However, the Conservative Party is critical of the government's financial framework.

    It says that it is not strict enough and has voiced concerns that public spending is planned to rise at a faster rate than the overall growth of the economy.

    Shadow Chancellor Michael Portillo has said that he would like overall spending to rise by no more than the overall growth rate of the economy (around 2.5% annually) - but has promised to meet many of Labour's spending commitments.


    One of the biggest policy changes made by the incoming Labour government was to give the Bank of England independence to manage interest rates.

    The Bank's Monetary Policy Committee (MPC), appointed by the government, meets monthly to consider whether to raise or lower interest rates.

    Under this system, interest rates have recently been cut to 5.25%, leading to lower rates for those with mortgages. Inflation has stayed well below the target for nearly two years.

    The latest inflation figure for April, excluding mortgage interest payments, was 2.0%.

    However, the government set the inflation target which the Bank aims to meet - a target which excludes mortgage interest rates.

    It is currently 2.5%, and it is "symmetrical" - the Bank is expected to take action if inflation is too low as well as too high.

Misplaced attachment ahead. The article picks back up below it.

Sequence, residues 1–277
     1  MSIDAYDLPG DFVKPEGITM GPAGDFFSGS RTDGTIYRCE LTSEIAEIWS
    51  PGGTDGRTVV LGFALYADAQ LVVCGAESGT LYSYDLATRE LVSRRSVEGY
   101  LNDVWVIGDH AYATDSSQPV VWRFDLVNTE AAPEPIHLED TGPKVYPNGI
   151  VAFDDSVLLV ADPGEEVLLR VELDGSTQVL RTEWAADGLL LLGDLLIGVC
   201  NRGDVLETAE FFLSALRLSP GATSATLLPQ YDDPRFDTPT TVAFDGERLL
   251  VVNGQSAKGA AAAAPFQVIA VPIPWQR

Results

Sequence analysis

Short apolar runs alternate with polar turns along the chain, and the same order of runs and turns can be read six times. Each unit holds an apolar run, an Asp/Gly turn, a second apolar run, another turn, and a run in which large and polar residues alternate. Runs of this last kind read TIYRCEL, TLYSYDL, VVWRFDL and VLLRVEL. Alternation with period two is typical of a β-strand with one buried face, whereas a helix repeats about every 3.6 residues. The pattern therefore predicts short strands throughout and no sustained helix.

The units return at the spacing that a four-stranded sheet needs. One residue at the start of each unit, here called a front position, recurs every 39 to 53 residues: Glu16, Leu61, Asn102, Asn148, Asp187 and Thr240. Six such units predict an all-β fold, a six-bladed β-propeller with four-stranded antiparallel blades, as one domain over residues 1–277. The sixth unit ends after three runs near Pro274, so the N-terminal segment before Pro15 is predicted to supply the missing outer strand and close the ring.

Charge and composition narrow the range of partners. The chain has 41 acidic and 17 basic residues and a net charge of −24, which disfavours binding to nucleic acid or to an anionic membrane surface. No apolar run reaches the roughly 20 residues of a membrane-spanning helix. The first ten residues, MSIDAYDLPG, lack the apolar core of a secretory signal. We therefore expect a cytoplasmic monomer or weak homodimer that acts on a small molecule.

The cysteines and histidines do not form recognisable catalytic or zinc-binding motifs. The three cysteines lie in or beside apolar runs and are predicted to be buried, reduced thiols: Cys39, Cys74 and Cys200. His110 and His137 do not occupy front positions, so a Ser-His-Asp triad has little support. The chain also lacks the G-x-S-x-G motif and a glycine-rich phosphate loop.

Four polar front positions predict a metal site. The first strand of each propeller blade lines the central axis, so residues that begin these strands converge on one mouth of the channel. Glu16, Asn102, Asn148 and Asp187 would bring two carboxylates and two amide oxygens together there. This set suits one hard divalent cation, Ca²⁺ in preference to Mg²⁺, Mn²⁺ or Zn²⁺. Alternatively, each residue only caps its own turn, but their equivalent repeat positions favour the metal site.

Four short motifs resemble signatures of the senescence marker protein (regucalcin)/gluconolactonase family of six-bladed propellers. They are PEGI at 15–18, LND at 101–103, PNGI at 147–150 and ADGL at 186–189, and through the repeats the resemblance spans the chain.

Inflation has been under that target for nearly two years - leading some Conservatives to call for a lower target of 2% inflation.

    Gordon Brown says that would lead to interest rate rises and job losses.

    The government appoints the four independent members of the nine-member MPC to relatively short two-year terms.

    Both opposition parties would like to change this appointments system, to make it more transparent and (in the case of the Conservatives) to extend the term of office to provide a buffer against political pressure.

    The Conservatives would also like independent economic advisors to evaluate the government's spending plans and economic forecast.


    Labour claims that under its stewardship of the economy, the number of people claiming unemployment benefit has fallen to under 1m, compared to nearly 3m during the early 1990s - the best level for 25 years.

    The overall rate is also at a record low of 3.3%, not seen in the UK since the 1970s.

    In April, the claimant count of the number of unemployed fell to 975,000.

    However, the fall began under the Conservatives and the rate of decline has been slowing.

    And the fall in the numbers claiming benefit has been faster than the fall in the broader measures of unemployment.

    The fall in the so-called claimant count may have been faster because of the introduction of Labour measures such as the New Deal, which took many young people off benefits.

    And there is also the issue of regional unemployment, which has remained stubbornly high.

    While unemployment rates in some areas of the South East are below 2%, regions once dominated by the manufacturing sector - such as the North East - have much higher rates, especially among older men.